Good Class Bungalows, high-end condos in district 10 see buyer interest

Good Class Bungalow (GCB) transactions in the prestigious Tanglin Hill are very rare. The most recent, according to a caveat lodged on Nov 3, was for a 21-year-old GCB on a freehold site of 34,585 sq ft. It was sold for $57 million ($1,648 psf) in a private-treaty deal. Colliers International represented the seller, while Savills Prestige Homes represented the buyer. Both the seller and buyer were Singaporeans. The psf price is just slightly higher than that of a GCB located across the street that was built in 1992 and sits on a 23,982 sq ft plot. This GCB changed hands in April for $38.8 million ($1,618 psf).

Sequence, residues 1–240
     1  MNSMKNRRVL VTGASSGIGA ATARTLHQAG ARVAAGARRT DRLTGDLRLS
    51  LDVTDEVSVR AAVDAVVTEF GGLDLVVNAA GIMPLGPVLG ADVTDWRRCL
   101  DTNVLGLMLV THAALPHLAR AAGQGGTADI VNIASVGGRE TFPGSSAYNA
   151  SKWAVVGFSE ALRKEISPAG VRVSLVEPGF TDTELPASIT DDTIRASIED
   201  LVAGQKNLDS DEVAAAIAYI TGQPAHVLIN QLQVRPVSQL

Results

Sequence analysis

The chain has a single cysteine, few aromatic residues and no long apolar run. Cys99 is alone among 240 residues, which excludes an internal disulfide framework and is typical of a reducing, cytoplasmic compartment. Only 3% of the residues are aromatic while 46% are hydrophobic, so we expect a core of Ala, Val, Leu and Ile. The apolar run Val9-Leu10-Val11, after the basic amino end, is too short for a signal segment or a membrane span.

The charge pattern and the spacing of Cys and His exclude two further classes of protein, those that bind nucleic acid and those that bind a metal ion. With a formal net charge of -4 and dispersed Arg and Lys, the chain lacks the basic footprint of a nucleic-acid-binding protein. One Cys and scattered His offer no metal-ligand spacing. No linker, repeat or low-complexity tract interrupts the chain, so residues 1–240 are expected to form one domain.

Meanwhile, a GCB at Victoria Park Road on a freehold elevated site of 32,077 sq ft was sold for $48 million ($1,496 psf) a fortnight ago in a deal brokered by Samuel Eyo, associate director of Savills Prestige Homes. A caveat has yet to be lodged. The last time the property changed hands was just two years ago, when it was sold for $38.67 million ($1,205 psf). Hence, the seller saw a 24% capital appreciation.

Given the rather gloomy economic outlook and market uncertainty, the recent Tanglin Hill and Victoria Park Road deals took about three months to negotiate and close, says Eyo. This is because there aren’t too many buyers at this end of the market, given the large quantum price and most of the buyers being owner-occupiers looking to tear down and redevelop the existing property into a luxurious bungalow for their own use. Large GCB plots of at least 30,000 sq ft that can be sub-divided into two smaller GCBs are also becoming increasingly scarce, he points out.